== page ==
They waver in a twofold way. They waver in the sense of murmuring when things go ill with them, when it is demanded that they give up their life so that the love of God can reach others, when they are to become a sacrifice for the cause of God. They do not understand what it means to die in the name of God, for the victory of the kingdom of God. It often seems strange to me that people do not understand this. They gladly die for their fatherland; why then do Christians not want to die for their own cause, for the will of God, for the Father of nations? If men of the world can die for their fatherland, why can we not die for the Father? I have often wondered why it is precisely the Christians who become the most egoistic of people.

On grounds of the blood of Jesus Christ, people boast of their own salvation. This is bad! If the blood of Jesus Christ is upon you, then you can claim nothing other than that your life belongs to God and that the lost are to be saved at your expense.

The blood of Jesus Christ means that it will cost us our life that the kingdom of God might come. We must not waver--we must not even blink our eyes--when we suffer some loss because of our commitment to the kingdom--even if this means total loss and the giving up of life itself.

But people who should be pillars waver also for another reason: they do not love. They are asked to allow others to share their place with them, and this annoys them; they cannot imagine that someone else is to be their equal. They pass sentence and condemn; they judge and decree condemnation for the world, which they regard as odious.... One must have a certain reputation, a certain status in the world, a certain rank, in order to be recognized. We are always intent upon surrounding ourselves with those who have this recognition. We never get near those who are rejected; we ignore them, they are of little concern to us....

Yet neither sin nor devil nor hell carries weight; only man has value. Why, then, do you who are devout condemn the others? Why do you make it difficult for them? Why do you deny them consideration and love? I am afraid our religious societies will never learn what it means to love as God, in his Son, loved the world. We always assume that we have come to God for our own sake; religious people assume that they must eternally be regarded as the honored ones. Nevertheless, it just possibly could be that the spirits that now are exalted will experience wailing and gnashing of teeth and that those who now are despised by them will experience joy and bliss....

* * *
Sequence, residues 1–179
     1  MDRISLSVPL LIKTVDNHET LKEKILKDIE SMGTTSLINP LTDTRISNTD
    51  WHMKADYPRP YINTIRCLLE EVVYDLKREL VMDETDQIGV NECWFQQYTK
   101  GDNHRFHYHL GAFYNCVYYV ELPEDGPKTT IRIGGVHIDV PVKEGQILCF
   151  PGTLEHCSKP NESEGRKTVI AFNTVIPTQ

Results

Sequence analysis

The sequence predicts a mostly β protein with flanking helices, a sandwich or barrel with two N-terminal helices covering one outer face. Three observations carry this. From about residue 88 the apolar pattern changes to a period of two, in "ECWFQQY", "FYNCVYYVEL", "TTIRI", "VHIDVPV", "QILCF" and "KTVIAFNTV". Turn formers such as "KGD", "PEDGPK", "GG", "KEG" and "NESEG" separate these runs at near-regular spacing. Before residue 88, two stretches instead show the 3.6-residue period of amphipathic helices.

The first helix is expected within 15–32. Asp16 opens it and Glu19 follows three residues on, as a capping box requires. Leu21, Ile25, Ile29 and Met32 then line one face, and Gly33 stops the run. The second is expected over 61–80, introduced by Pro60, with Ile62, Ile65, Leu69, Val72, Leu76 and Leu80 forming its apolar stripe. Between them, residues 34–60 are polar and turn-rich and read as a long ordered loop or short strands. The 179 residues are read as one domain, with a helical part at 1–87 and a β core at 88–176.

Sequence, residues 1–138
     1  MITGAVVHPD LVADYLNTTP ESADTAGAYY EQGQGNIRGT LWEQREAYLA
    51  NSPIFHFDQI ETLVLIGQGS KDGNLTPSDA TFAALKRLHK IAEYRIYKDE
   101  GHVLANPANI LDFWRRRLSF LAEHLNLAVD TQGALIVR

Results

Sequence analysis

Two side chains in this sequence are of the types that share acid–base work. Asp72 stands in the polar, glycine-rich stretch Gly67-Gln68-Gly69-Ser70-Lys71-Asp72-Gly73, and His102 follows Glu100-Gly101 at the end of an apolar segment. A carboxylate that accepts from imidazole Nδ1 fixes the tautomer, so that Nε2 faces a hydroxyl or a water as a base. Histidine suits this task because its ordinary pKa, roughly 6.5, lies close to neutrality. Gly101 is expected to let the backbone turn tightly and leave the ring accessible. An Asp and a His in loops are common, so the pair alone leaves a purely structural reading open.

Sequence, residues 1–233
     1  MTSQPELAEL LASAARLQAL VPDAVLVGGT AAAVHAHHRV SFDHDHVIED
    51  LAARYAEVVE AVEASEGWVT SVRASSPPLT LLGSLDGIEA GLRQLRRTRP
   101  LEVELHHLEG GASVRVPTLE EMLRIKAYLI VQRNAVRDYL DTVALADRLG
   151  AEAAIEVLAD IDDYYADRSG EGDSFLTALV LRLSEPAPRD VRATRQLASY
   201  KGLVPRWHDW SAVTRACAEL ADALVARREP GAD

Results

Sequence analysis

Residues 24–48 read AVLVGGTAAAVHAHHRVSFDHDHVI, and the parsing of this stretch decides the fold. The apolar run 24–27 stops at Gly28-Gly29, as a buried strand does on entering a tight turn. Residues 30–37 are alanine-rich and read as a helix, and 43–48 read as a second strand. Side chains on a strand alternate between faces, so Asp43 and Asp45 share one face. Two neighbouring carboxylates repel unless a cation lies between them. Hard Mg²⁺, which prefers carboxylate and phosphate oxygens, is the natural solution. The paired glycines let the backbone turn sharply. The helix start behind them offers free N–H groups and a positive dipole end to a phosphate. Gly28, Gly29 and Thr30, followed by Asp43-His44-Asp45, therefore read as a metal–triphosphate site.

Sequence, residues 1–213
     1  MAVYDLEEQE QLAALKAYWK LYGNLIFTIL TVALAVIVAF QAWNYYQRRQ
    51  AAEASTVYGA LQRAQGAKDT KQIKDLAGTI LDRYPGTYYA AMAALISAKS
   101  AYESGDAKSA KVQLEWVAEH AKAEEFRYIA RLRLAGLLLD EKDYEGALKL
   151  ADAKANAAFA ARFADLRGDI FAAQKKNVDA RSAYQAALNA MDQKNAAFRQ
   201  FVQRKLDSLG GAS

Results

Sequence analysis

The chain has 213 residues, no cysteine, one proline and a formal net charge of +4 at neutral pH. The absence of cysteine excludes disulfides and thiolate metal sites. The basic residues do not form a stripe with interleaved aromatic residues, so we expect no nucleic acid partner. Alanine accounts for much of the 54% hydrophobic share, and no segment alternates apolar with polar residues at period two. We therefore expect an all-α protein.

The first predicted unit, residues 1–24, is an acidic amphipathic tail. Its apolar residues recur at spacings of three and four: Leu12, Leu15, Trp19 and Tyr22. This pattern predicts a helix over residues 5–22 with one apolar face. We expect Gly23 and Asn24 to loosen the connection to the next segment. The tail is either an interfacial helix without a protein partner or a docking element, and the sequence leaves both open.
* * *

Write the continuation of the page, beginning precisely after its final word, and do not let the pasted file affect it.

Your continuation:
Of course, it is not we who can get to the lost ones; we cannot seek them. Let no pastor or missionary imagine that he can; we are not commissioned to do that. There is only one shepherd who can seek the lost, and that is Jesus--and the will of God within him. But we are to constitute God's reserve forces on earth, and in this way he must be able to reach them.... We cannot seek; we can only walk among men as those who yield body and life in the service of this will of God that does seek the lost. So don't try so much to change people! You are always working to convert them according to your pattern, to drive them into your institutions; and there they are to be sheep who jump to your whip. Do not work so much; but be pillars that do not waver when God is getting to the lost....

I believe that Jesus Christ will come, not from heaven as we suppose, but from his haven. The Savior's heaven is there where God has his throne; and his throne is not only in heaven but, as it is written, with the destitute and broken. It is from this heaven Jesus will come, from this heaven where millions of people sigh and groan in their distress. And that is my heaven, too. I decline your heaven of bliss; I do not want to enter there. The heaven into which I want to enter, the heaven of my Jesus, is where he gives his blood and life that men may receive help--there where the apparently godless are, the apparently rejected and unbelieving. This is the heaven of Jesus Christ.

It will come as the greatest of surprises when one day the word will be heard: "These were my lowliest ones, and you did not feed them!" Why did you not feed them? We thought they were devils! "They were in prison, and you did not visit them!" Why did you not visit them? We thought they were devils! Now they are the lowly ones of God who are languishing in misery; and I say: There is the heaven of Jesus Christ, there is the God who leaves the ninety-nine righteous ones in the wilderness and seeks the lost sheep.

CFBL, 3:315-22 (#46). Published table talk of June 10, 1899, abridged.



In the days to come
    the mountain of the LORDís house
shall be established as the highest of the mountains,